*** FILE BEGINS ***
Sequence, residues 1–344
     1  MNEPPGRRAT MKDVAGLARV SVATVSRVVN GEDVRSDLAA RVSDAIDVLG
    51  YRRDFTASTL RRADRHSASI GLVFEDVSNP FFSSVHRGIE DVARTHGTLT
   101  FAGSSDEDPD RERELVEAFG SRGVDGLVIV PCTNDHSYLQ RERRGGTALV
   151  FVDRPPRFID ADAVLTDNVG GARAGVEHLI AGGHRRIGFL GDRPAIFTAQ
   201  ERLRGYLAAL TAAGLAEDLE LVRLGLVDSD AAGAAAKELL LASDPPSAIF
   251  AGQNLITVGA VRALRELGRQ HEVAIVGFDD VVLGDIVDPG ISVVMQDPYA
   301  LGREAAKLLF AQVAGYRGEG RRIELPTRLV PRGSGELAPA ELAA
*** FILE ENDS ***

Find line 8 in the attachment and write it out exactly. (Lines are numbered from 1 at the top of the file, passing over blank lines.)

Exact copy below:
   301  LGREAAKLLF AQVAGYRGEG RRIELPTRLV PRGSGELAPA ELAA